Ominous signs for Obama as Walker survives recall vote
WASHINGTON PRESIDENT Barack Obama’s Republican challenger, Mitt Romney, was taking heart on Wednesday from a rare and boisterous Wisconsin election where voters rejected a bid by labour unions and Democrats to oust the state’s conservative governor in the middle of his term.
The vote also sent a warning to Obama, who easily carried the Midwestern state four years ago but may face a harder time in November.
Wisconsin Governor Scott Walker “has shown that citizens and taxpayers can fight back — and prevail — against the runaway government costs imposed by labour bosses,” Romney said in a statement on Tuesday night.
“Voters said no to the tired, liberal ideas of yesterday, and yes to fiscal responsibility and a new direction.” Romney added that Walker’s victory “will echo beyond the borders of Wisconsin.” Walker, a rising Republican star who enjoys support from the deeply conservative tea party movement, became the first governor in US history to survive a recall attempt as he soundly defeated his Democratic challenger, Milwaukee Mayor Tom Barrett. There had been only two previous attempts to oust a state governor in midterm, and both succeeded.
The recall vote grew out of Walker’s decision to strip public employee unions of their collective bargaining rights. After weeks of angry protests in the state capitol building, Walker opponents collected more than 900,000 signatures to force the recall vote.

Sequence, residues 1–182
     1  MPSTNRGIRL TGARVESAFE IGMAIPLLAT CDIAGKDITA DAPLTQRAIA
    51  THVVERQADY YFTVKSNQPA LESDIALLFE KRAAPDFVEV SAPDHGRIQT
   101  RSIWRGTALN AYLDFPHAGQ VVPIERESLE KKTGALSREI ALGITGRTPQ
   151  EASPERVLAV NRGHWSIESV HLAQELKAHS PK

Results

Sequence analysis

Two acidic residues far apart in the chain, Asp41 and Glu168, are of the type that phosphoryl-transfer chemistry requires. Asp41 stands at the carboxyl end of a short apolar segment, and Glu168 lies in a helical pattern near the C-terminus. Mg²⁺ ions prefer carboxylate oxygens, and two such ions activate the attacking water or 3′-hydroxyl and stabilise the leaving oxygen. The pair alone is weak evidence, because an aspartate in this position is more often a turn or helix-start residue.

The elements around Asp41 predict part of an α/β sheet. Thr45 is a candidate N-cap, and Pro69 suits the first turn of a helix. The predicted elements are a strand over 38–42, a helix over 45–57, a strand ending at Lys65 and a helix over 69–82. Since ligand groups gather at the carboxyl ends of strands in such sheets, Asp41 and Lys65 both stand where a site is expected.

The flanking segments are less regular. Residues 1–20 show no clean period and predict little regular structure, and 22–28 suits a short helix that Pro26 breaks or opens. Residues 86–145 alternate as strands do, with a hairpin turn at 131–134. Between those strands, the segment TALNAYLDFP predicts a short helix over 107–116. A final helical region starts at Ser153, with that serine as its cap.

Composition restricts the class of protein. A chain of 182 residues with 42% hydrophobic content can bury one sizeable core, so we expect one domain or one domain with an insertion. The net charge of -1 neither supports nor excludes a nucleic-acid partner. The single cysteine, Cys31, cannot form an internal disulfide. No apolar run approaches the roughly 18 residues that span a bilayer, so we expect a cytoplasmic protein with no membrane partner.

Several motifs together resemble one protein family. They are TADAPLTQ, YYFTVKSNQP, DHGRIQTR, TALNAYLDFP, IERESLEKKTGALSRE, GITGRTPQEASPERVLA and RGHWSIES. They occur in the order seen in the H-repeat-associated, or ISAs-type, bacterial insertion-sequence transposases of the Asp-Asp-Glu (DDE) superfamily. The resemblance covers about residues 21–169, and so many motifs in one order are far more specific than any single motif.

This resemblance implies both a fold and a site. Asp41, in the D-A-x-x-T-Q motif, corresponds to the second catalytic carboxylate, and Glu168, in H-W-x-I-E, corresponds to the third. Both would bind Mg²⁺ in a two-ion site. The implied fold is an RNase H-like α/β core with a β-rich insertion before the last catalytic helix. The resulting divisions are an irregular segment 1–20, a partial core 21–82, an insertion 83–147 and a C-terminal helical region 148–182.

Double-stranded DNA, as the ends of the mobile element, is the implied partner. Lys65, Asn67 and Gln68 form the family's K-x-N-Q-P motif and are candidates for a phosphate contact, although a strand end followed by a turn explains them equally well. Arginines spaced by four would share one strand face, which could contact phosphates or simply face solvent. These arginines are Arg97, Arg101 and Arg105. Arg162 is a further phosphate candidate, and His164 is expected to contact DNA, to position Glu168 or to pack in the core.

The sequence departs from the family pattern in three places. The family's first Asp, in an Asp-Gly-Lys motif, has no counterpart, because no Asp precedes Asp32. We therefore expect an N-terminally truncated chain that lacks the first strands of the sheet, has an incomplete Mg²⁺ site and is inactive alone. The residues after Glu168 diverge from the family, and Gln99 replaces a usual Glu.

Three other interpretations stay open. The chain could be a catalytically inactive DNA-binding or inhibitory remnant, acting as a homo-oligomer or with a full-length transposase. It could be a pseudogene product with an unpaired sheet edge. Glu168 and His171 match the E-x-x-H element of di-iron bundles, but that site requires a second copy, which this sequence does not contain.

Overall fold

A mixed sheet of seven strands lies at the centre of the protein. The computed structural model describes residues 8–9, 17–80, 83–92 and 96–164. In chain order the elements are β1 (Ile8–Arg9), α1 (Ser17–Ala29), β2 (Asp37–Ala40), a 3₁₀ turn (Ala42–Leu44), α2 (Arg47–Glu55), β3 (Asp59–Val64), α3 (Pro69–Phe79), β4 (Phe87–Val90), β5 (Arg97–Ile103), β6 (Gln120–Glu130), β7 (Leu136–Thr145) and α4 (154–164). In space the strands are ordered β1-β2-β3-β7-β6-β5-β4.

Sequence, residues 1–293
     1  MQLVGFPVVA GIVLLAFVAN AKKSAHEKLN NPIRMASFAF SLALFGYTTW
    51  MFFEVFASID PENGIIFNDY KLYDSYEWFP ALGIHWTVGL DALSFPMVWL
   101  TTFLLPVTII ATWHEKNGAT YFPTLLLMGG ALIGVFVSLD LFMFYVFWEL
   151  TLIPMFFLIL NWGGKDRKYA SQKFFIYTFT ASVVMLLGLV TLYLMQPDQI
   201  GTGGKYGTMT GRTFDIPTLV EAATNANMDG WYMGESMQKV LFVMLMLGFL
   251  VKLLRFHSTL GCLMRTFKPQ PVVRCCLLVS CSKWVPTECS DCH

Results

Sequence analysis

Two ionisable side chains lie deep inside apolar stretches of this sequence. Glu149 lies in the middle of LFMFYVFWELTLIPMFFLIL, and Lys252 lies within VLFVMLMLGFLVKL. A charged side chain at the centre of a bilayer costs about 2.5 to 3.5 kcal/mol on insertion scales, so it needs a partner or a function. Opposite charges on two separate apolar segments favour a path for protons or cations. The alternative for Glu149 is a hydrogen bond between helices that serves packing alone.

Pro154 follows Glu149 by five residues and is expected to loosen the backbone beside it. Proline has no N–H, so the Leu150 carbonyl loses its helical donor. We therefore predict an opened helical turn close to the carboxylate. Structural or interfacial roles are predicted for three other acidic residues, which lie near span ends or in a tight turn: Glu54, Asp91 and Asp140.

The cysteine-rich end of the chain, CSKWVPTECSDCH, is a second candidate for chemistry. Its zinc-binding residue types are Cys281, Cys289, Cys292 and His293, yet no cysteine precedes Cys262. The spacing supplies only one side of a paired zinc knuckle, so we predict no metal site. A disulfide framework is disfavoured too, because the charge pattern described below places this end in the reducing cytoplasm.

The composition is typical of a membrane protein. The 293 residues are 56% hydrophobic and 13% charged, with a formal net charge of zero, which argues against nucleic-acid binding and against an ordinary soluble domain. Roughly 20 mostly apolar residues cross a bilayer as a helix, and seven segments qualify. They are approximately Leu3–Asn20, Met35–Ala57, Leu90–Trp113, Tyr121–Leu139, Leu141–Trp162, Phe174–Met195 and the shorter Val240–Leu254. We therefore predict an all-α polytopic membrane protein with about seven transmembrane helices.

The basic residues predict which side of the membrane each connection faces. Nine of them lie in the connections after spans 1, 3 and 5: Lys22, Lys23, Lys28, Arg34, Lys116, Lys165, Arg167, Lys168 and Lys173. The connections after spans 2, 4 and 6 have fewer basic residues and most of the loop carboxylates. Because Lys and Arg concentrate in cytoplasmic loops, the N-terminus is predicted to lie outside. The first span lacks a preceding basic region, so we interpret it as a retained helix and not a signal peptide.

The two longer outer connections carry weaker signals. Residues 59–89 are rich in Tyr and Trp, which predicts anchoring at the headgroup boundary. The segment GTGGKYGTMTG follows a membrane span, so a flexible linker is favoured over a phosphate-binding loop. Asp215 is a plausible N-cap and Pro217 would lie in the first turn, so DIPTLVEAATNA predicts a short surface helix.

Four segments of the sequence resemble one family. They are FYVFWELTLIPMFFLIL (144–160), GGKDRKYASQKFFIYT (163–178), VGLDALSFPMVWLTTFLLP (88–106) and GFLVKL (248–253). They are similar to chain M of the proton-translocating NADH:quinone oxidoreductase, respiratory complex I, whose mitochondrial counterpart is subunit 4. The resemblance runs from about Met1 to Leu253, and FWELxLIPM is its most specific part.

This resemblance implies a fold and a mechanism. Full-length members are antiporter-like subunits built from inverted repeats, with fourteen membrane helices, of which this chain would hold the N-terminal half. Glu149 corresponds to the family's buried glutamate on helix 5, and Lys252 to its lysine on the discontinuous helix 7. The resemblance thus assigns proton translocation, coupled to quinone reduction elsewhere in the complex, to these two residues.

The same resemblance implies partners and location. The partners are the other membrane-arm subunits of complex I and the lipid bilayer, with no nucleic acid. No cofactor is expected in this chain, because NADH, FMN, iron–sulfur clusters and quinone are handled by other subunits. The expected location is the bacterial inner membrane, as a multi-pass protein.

Walker also signed into law several other measures that fuelled the recall effort, including making deep cuts to public schools and higher education, and requiring voters to show photo identification at the polls.
Democrats and organised labour spent millions to oust Walker but found themselves hopelessly over-matched by Republicans from across the country who donated recordsetting sums.
Nationwide polls show Obama and Romney locked in a virtual tie with the presidential election still five months away, and politically divided states like Wisconsin will be critical to the outcome.
Walker’s victory was an ominous sign for Obama about the mood of voters, especially in Wisconsin, where a Republican presidential candidate has not carried the state since Ronald Reagan in 1984.
Romney now plans to compete in the state aggressively.
“The close vote on Tuesday confirms that Wisconsin will be a swing state,” said Republican strategist Terry Nelson, an adviser to George W Bush.
With the economy the top issue in the presidential election, the victory for Wisconsin conservatives shows deep support for Romney’s decision to endorse Walker’s budgetslashing, tax-cutting tea party fiscal plans at the national level.
Obama had supported Barrett, although he did not campaign in the state for him. But the president’s Wisconsin campaign director, Trippe Wellde, pointed to a bright spot for Democrats: Exit polls showed voters favoured Obama over Romney, even though a majority supported Walker’s bid to finish the remainder of his four-year term.
An exit poll of voters on Tuesday showed that Obama had a 51-44 percent edge over Romney, and more voters said the president would do a better job improving the economy and helping middle- class voters than Romney would. A sizable 1 in 5, however, said they trust neither party’s candidate on the economy.
Another warning sign for Obama: Independent voters, who made up a third of the recall electorate and typically decide close elections, broke for Walker 53-45.